It’s somewhat debatable whether the “Fracking Debate” was actually a debate

The Colorado Statesman

Last week the Independence Institute and the Environmental Alliance teamed to organize a “Just the Fracking Facts” debate at the Denver Post Auditorium. Despite considerable promotion of the event it only attracted 50 or 60 observers, most of whom were solidly allied with one side or the other in this slow, simmering dispute. Colorado voters, however, appear destined to hear a lot more about this conflict between now and election day. Anti-frackers have announced their intention to place a local control amendment in the state constitution that will allow towns and counties to override statewide oil and gas drilling regulations with their own additional restrictions. Tens of millions of dollars are likely to be spent in the effort to persuade residents to either approve or kill this initiative.

You may already have noticed the “Energy Chaos” ads in this paper that represent an early salvo from the energy industry in support of a consistent and uniform set of fracking requirements across the state. If last week’s discussion is any indicator, there will be a lot of confusion before voters arrive at the ballot box. For those who equate the joint presidential news conferences held every four years with a genuine debate, the “Fracking Facts” conversation, moderated by political consultant Eric Sondermann, had to be puzzling. Presidential candidates generally attempt to evade providing a specific answer to the same question. During this debate responses left the audience feeling like it was simultaneously watching a split screening of two different movies with overlapping soundtracks.

On behalf of the Independence Institute were John Harpole, a long time oil and gas operator, and Kathleen Sgamma, vice president of the Western Energy Alliance, an industry trade association. Representing the Environmental Alliance were retired federal regulator Phillip Poe and sustainable capitalism advocate Hunter Lovins. Environmental advocate John Powers appeared to serve as debate team captain for the anti-frackers, while Jon Caldara managed his industry troops. Recalling my own experience as a high school debater, this initially seemed an auspicious arrangement. One speaker from each team could set forth its argument while the other offered rebuttals. Alas, this was not to be. Sgamma kicked off the discussion with a detailed defense of the local economic benefits, nearly flawless safety record and geo-political advantages that have proceeded from the country’s natural gas boom of recent years.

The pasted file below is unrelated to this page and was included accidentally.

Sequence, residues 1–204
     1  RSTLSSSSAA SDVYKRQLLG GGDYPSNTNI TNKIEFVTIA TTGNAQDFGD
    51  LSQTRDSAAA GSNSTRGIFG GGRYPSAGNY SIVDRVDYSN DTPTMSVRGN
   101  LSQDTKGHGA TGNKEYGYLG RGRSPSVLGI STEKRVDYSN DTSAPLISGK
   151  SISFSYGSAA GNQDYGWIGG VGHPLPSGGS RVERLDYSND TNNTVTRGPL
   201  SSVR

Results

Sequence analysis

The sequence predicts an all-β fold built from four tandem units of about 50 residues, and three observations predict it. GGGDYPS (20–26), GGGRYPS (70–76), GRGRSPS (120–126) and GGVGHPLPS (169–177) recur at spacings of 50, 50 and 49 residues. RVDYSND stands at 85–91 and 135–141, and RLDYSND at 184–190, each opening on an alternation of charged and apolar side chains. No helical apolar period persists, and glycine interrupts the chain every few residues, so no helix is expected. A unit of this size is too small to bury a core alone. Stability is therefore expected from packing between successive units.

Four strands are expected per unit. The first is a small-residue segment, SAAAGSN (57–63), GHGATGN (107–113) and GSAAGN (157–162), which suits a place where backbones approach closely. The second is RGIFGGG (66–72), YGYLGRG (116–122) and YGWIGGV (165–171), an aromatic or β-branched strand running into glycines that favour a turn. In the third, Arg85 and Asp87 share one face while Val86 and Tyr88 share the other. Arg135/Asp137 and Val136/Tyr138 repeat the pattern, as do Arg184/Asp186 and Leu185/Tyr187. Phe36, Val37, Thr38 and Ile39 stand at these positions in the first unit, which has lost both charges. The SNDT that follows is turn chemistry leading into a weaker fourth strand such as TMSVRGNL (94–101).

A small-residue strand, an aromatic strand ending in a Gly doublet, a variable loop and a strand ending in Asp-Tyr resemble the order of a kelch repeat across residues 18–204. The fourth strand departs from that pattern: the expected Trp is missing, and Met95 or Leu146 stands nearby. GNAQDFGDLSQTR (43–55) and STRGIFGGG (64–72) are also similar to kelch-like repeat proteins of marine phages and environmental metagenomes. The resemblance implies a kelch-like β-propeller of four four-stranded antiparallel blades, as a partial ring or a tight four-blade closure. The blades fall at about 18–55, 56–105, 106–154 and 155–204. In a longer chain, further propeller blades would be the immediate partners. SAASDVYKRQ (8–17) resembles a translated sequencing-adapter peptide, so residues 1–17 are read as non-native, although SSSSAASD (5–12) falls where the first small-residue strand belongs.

Poe rebutted none of this, using his time to flog the long history of corporate duplicity in the tobacco industry and the consequent deaths of tens of millions of American smokers. Implicit in his remarks seemed to be a charge that frackers have and are continuing to conduct a campaign of deliberate disinformation regarding the risks inherent to their drilling technology. Harpole was nearly fuming with indignation when his turn came and he pointed out that no one was defending the behavior of cigarette manufacturers, which had been despicable, and beyond that, there was absolutely no connection with fracking. At this point it became evident the evening’s discussion was likely to spin out of control. Lovins, whose sneering insolence and repeated reliance on her personal computer for names and numbers, only appeared interested in highlighting imminent threats from climate change and our need to swiftly transition to a renewable energy grid — sorely testing her credibility.

Sgamma pointed out that the natural gas bonanza resulting from fracking could provide the nation with an environmentally friendlier transition fuel as it moves to a more sustainable energy mix. Her defense of natural gas as the “least cost” and safest available alternative fell on deaf ears with Lovins and Poe. There was considerable squabbling over how long it will take us to burn through this newfound reservoir of cheap gas (seven years on the low end and 25 on the high side), as well as how quickly we could restructure the nation’s infrastructure to accommodate renewables, not to mention the considerable expense involved. Poe repeatedly referred to horizontal fracking as an experimental and largely untested technology, incensing both Harpole and Sgamma. He also grumbled about the threat of volatile organic compounds escaping at drill sites. Yet, when asked to identify a single frack site that had contaminated groundwater, neither Lovins, even with the assistance of her Internet connection, nor Poe could name one. With more than 40,000 fracked wells operating in Colorado alone, it seems we would have heard about any ecological disasters if they existed.

Oddly enough, you could leave this debate largely in agreement with both sides. Yes, we almost certainly should be moving our economy towards a sustainable energy infrastructure primarily reliant on renewables. And, yes, we should probably frack the bejeezus out of American shales in order to make this transition as painless as possible. A sensible discussion of these choices requires we talk about them one at a time. Conflating the risks of global warming with an interim reliance on fracking informs no one. In fact there is almost certainly a grand bargain to be struck here — one relying on mutual trust and respect rather than appeals to fear.

In closing, Sondermann asked where the debaters stood on the question of a ballot initiative enabling local drilling restrictions. Lovins responded by claiming she was an adherent of Jeffersonian democracy — interpreted as voter control exercised closest to home. This seemed a convenient fiction for someone who also favors an immediate, wholesale conversion to energy sustainability now!